Zim – the Tool for Writers Who Need to Worldbuild

Writing epic fantasy and science fiction, the need to keep the lore, language and cultural nuances in mind when writing can become a demanding task. This is especially true, if, like me, you enjoy hopping from one project to another. Having tried various ways of keeping the details ordered, such as writing glossaries and keeping reference cards, these methods of ordering my thoughts quickly become bloated and unusable. However, thanks to an article reviewing writing tools in November’s issue of “Writing Magazine” by Chris Glithero, I may have found the answer to my dilemma, in the form of “Zim – A Desktop Wiki”. And the best part is: it’s free!

zim novel wiki tool

Struggling to keep a grip on the worldbuilding side of your novel?

Zim allows you to create Wikipedia-like “notebooks”, enabling you to build a complete reference guide for your project. The files can be stored locally on your computer (i.e. without the need for an internet connection) or in a content sharing system such as dropbox, allowing you to access all your files from other computers.

The real power of Zim is being able to create “links” between the individual pages, enabling you to jump to sections you are interested in, making it perfect for that epic fantasy or sprawling space opera. When you’re out of Zim, the individual pages are stored in text documents which you can edit and use in other word processing applications. There is also a handy search feature so if you have mislaid a page of notes they can quickly be retrieved. You can also link images and attach documents to the pages but I do not have a use for these features with my current projects so cannot attest to their usefulness.However, I can see it being useful for writers of historical fiction, who want to remember real world details.

When it comes to building the pages, Zim makes it easy. The uncluttered interface offers easy access to the tools you really need. Formatting can be customised, but I found the defaults to be more than sufficient for what I wanted. Indeed, the Zim web-page was built using Zim, so you can see how it looks before downloading.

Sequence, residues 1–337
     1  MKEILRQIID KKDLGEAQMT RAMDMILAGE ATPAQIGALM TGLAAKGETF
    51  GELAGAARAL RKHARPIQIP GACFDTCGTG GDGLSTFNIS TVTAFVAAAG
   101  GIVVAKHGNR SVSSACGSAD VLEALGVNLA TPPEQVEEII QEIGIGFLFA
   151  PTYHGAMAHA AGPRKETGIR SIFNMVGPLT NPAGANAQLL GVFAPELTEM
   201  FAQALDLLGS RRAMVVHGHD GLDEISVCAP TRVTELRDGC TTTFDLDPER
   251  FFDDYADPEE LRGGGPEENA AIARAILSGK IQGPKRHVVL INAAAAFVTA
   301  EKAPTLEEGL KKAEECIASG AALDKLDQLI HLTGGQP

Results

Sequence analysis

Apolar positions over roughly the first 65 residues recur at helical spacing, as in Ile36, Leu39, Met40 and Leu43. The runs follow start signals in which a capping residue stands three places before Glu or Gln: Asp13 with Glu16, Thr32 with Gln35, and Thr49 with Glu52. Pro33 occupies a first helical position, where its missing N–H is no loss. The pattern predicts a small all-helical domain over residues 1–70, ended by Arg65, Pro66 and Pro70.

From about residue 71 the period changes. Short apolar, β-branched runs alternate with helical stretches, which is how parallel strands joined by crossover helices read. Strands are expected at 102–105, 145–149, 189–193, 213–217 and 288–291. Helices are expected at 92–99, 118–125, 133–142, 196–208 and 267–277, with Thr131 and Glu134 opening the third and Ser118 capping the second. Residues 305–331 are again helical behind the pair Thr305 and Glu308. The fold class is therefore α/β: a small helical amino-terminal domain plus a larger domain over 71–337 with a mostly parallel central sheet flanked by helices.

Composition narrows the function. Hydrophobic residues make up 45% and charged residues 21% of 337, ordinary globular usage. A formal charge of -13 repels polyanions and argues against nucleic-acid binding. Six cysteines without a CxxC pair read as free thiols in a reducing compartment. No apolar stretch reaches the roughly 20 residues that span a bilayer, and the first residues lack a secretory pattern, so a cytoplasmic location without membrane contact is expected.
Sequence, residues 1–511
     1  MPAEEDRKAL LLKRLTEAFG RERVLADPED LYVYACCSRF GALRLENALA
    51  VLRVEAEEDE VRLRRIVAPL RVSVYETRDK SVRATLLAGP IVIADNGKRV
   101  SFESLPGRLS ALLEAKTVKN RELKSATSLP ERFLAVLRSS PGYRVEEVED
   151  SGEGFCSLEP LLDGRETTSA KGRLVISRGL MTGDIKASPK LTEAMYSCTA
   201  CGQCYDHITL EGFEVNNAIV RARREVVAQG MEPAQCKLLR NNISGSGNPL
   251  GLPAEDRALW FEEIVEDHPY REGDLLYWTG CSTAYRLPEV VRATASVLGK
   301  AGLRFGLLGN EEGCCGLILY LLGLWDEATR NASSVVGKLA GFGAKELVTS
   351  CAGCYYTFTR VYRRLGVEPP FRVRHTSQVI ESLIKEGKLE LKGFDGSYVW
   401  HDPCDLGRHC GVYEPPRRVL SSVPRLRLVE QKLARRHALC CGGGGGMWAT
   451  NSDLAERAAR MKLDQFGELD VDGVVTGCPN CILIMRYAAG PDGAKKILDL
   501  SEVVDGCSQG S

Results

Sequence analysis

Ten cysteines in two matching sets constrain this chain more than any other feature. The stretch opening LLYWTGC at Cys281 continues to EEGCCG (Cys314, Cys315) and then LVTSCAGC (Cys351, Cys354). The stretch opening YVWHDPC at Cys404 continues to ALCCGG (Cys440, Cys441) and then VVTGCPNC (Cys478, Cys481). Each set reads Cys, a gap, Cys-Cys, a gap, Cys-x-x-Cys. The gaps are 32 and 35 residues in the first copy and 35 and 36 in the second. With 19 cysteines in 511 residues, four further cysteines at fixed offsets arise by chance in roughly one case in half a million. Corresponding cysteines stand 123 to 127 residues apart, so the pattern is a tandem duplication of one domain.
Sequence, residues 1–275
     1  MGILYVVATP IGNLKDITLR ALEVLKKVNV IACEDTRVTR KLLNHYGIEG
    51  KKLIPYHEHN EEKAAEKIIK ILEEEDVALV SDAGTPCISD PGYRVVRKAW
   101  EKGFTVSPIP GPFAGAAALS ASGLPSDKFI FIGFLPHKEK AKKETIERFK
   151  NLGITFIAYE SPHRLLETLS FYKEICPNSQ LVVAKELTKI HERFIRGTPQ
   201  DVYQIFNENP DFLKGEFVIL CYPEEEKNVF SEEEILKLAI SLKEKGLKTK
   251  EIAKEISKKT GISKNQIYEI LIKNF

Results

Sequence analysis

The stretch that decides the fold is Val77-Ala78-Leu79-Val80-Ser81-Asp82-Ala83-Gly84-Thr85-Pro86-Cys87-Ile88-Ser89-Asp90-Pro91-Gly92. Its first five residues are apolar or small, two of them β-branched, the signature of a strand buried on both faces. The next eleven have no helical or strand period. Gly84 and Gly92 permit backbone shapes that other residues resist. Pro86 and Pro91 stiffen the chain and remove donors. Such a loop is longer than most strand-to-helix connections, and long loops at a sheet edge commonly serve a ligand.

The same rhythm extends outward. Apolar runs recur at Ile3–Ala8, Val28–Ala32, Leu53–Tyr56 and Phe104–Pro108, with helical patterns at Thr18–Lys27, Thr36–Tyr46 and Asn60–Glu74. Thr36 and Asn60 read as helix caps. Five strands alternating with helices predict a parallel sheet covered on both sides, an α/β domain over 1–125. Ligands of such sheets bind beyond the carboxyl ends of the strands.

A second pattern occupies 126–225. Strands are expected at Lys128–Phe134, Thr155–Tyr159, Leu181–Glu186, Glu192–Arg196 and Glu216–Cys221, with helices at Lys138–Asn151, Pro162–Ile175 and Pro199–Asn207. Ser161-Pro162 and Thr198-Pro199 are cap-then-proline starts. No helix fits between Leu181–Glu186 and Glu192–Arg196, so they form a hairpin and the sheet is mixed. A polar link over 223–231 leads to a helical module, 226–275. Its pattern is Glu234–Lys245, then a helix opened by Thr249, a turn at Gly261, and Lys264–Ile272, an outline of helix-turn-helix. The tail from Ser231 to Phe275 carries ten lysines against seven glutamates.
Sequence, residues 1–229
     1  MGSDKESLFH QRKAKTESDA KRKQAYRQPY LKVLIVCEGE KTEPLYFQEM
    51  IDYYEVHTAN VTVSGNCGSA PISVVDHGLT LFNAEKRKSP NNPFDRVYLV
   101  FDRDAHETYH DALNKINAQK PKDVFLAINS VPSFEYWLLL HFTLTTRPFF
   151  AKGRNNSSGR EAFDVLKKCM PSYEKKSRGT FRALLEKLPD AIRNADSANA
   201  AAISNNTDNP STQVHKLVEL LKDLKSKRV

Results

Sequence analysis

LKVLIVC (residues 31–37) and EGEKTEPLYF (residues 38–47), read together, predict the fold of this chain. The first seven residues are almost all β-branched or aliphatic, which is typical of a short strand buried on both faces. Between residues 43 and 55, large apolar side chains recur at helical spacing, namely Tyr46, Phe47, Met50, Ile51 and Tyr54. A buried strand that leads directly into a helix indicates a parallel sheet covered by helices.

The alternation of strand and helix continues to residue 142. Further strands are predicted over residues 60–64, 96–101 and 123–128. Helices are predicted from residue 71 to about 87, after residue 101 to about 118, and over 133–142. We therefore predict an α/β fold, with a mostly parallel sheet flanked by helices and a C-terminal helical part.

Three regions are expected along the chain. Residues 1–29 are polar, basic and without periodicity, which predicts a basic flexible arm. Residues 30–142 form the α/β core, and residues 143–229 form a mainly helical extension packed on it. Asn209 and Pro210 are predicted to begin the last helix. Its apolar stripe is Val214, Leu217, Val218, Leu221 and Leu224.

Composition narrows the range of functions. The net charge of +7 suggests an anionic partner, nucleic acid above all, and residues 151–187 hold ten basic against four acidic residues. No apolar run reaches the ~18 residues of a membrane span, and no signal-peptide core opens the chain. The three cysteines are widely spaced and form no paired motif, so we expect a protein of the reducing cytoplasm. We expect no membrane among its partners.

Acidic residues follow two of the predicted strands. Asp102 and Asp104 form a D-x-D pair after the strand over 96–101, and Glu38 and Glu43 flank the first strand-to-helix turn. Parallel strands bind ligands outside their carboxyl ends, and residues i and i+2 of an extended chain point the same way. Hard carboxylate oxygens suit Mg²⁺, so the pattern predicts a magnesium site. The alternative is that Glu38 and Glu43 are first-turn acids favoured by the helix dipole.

At present, Zim is in alpha release (the version number is less than one – I downloaded 0.63) so the program is still being developed and not guaranteed to be bug free. Available for Windows Vista and above, Mac, and Linux, it also comes in a portable version. During testing using Windows 10, I have found a number of bugs which caused the program to crash, normally as the result of trying to move pages and re-arrange the structure of the project, but it always bounced back with no loss of data.

Within a few hours of installing Zim, I had a pleasing 8,000 word cross-referenced encyclopedia lying before me. My wiki included character biographies, location details, a simple dictionary of one of the languages used in the work, a glossary of terms, current chapter synopsis, cultural guides and basic histories for each of the races, all in one easy to use application.

For those undertaking a project requiring any amount of research or keeping of extensive notes that you want to have easy access to in a simple format, give Zim a try. Whenever I write now I have two applications open: Scrivener and Zim.


4 thoughts on “Zim – the Tool for Writers Who Need to Worldbuild

  1. Okay, this would be just amazingly useful for me. When you have a series of books that span several generations on an alien world, this would be a lifesaver. Thanks for this.

    Liked by 1 person

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